Radio Free Orca: A Broadcast for World Peace

(vibrant music)
(creatures vocalize) – [Paul] Welcome to Hanson Island, a remote place on the
west coast of Canada, about 10 kilometers long
and two kilometers wide. This island belongs to two
groups, the First Nations and the orca. (vibrant music)
(creatures vocalize) For most of my life, I’ve
had the great good fortune of living here in this
incredible environment and studying this incredible creature, and it’s given me a sense
of peace in the world. I want everybody to have
that same experience. (vibrant music) (gentle music) My name is Paul Spong, and 47 years ago I was a young scientist at the University of British Columbia, and part of my job was to
study an orca in captivity at the Vancouver Aquarium. I came to understand that
orcas are acoustic creatures, because they’re using
sound to locate their prey. They get what they need
to live from sound. They should not be penned
up in concrete tanks that deprive them of
the sound of the ocean that they were born into. Ultimately, that knowledge
led me to search for a place in the wild where I could study orcas totally without interfering with them, and that search led me to Hanson Island, where I set up OrcaLab. We built a network of
half a dozen hydrophones that cover 50 square kilometers
of the surrounding area. And they give us live audio, so we can track their
movements, often 24 hours a day. 61 and 60 are there, I think. – Yeah.
– Yeah. For me, one of the
greatest experiences here is putting on a pair of
earphones and just listening. And then we have speakers in the forest, near the tents, near the
outhouse, near the camp kitchen, all of the spaces around here. (ship horn blows) One of the things you can’t
help noticing and feeling is the sudden intrusion of a boat, of a vessel, of a propeller. It’s jarring. (something whines) – [Researcher] What about. – [Paul] Here at OrcaLab, we listen to untold quantities of boat noise. It’s really annoying. We can always walk away
from it, but whales can’t. It disrupts their communication. It disrupts their ability to hunt. – They’ve had quite a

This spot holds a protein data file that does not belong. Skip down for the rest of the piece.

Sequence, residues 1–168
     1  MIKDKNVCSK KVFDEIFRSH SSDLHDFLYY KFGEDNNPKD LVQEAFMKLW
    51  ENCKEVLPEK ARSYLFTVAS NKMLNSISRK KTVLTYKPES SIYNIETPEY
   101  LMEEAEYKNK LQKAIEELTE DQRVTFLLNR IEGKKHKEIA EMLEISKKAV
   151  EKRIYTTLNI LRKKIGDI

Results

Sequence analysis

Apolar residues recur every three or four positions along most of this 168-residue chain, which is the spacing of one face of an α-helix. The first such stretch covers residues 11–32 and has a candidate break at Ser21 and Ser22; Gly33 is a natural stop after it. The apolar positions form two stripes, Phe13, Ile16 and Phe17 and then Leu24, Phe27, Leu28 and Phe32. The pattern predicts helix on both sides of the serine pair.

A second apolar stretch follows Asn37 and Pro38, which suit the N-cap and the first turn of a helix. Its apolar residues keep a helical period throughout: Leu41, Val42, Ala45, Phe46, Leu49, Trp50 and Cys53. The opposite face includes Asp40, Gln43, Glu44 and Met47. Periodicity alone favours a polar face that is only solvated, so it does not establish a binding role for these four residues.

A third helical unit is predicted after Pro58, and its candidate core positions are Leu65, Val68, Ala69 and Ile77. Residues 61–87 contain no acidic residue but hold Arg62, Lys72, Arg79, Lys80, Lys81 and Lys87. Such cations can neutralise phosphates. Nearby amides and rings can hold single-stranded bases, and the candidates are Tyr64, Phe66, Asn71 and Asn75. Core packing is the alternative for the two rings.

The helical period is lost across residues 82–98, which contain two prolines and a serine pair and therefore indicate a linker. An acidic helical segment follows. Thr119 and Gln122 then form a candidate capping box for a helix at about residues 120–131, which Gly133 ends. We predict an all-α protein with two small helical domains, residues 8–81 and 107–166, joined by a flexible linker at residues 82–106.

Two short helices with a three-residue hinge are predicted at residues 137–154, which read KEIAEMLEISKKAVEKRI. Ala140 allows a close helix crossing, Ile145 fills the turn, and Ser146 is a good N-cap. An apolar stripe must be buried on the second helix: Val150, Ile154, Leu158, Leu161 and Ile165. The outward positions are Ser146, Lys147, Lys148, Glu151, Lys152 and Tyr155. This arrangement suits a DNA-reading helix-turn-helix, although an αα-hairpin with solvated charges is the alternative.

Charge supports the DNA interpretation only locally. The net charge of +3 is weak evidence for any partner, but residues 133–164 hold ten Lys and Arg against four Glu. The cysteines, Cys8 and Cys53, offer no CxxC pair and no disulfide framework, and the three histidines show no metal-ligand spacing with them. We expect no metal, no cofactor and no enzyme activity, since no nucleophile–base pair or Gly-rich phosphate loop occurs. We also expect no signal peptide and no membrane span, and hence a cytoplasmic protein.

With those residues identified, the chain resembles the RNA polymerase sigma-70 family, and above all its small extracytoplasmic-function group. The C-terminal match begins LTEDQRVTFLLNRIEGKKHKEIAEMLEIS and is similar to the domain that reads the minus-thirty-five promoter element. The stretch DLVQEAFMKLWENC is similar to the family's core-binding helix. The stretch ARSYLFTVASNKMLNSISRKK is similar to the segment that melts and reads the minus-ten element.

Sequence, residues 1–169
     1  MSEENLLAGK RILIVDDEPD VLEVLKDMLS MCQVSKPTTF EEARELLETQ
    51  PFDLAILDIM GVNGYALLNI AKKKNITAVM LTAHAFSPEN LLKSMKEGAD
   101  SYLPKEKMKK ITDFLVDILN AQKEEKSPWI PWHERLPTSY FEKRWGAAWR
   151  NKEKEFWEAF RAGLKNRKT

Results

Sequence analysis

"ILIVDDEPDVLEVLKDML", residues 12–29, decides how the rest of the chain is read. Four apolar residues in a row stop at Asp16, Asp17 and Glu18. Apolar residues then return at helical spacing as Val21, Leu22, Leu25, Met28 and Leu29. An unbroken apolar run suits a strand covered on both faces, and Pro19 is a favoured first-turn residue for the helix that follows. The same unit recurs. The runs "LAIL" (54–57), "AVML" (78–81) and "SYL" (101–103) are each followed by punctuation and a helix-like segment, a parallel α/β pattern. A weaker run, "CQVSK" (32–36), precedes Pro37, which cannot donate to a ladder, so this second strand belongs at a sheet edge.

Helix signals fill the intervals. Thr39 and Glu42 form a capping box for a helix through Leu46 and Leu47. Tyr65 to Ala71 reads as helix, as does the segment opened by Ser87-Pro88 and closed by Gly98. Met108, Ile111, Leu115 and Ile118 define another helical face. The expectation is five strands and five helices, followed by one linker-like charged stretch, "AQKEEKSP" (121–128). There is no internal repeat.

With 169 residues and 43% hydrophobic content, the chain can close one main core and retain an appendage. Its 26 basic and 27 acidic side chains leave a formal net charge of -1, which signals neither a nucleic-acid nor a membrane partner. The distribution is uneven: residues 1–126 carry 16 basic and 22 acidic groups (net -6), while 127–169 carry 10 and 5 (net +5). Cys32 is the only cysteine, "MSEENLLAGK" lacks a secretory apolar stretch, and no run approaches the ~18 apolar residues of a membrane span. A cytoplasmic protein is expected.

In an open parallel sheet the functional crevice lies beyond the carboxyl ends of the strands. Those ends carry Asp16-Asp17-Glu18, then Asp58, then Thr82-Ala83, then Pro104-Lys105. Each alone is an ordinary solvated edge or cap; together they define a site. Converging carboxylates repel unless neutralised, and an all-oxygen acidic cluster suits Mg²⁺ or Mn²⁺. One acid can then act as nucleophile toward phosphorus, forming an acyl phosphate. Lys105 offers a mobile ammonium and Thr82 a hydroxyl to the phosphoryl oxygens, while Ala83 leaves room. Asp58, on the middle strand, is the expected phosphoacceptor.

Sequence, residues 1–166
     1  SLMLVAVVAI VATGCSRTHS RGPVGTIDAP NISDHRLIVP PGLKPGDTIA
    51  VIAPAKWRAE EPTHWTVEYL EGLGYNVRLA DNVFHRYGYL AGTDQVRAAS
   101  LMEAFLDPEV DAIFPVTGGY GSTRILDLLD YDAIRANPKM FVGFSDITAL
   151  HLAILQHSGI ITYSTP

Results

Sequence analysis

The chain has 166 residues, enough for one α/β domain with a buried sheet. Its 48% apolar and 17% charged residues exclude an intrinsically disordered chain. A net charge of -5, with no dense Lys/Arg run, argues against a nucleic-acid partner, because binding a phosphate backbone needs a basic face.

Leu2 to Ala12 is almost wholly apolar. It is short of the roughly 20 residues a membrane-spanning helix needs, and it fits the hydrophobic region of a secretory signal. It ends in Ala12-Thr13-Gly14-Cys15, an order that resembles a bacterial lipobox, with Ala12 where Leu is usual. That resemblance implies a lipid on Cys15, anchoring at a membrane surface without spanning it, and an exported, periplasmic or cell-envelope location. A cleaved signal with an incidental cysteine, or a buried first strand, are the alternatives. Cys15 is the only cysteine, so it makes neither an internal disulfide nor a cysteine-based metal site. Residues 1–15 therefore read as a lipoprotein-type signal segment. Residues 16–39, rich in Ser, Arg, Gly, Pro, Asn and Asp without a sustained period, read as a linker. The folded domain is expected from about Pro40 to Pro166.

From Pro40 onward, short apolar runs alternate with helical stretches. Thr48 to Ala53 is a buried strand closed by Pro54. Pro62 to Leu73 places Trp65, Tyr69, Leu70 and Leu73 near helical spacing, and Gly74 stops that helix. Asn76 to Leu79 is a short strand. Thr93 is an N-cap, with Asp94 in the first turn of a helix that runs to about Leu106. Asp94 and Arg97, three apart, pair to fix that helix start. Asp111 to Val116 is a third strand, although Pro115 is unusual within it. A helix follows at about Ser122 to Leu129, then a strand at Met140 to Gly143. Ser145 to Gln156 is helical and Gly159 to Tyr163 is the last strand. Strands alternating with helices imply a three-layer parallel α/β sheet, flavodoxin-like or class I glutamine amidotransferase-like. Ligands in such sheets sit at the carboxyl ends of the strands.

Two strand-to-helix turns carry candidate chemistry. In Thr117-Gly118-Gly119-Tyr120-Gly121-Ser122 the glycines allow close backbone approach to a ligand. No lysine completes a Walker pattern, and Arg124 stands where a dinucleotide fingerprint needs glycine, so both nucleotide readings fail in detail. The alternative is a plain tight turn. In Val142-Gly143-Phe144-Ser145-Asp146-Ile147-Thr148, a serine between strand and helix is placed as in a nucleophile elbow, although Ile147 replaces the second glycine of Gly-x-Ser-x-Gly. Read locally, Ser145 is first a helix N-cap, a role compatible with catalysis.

few breaches as well. – [Paul] Uh-huh. I think, from the point of view of the welfare of the whales, it’s something that has to be dealt with. What I want to do is develop
the ability of the people to get to feel empathy for the creature. Since 2000, we’ve streamed live audio, so that anybody with computer
access to the internet can listen to exactly what
we listen to in our lab. – Oh, look, it’s right up at the. – [Paul] What we’re trying
to do is give people a taste of what it is to be an orca in
this magnificent environment. In doing that, they will come to care and want to protect nature. I believe that if I can share
what I have experienced, the world could know peace. (gentle music)
(creatures vocalize)

Author Since: Mar 11, 2019

  1. Thank you guys for providing the link to in the description. I encourage you to include more links, when appropriate, in.future uploads.

  2. They tell how the orca's music get drowned in the noise from these ships and boats but shows the researchers using those same motorized boats. May be using small paddled boats or something in at least the video may have contributed to sending the right message.

  3. This is so so so beautiful. I too genuinely wish for all humans to begin feeling empathy towards not only this beautiful creature, but all that inhabit this world.

  4. The piano music from 0:49 is called "Little Trinketry" from a game called valiant hearts made by Ubisoft. You guys should reference copyrighted music somewhere.

  5. Listening of orcas is as istening of songs in foregin language. You might like the music and melody of song, but when you know what song means it may reject you.
    Orcas are big sea predators, I think they are mainly talking: "Hey orca Bob let's devour this seal!", or "The buzzing boat is coming!" and of course abot reproduction 🙂

  6. I bet on this remote island this scientist and his students feed on canned fish or tinned sardines. And that's the beauty of this world

  7. To everyone complaining about Paul using a boat to "chase" orcas, he does no such thing. Every use of the boat is very carefully and meticulously thought out. It is used for transportation only, and only when the orcas are not nearby. All of the research is land based and non intrusive. The orcas are monitored via a remote hydrophone and camera network that feeds back to the lab. This is done specifically so that the orcas are not interfered with. Please visit for more information. This is where the orcas belong, in the wild, not in a tank. Cheers!

  8. Do one about Østerskov efterskole in Denmark! it is a school dedicated to learning through play! and pen and paper rpgs and roleplay!

  9. I wish the world could all go vegan. So much in the environment would be improved, people could actually connect with animals.

    Can't wait to be bombarded with hate comments saying that "you can't be vegan without vitamin deficiencies" or some ridiculous bs.

  10. had no idea I can listen to them on that website, so glad I found this video, I envy you who get to see them so much in they're natural lives. I am planning a trip there to see it myself one day soon.

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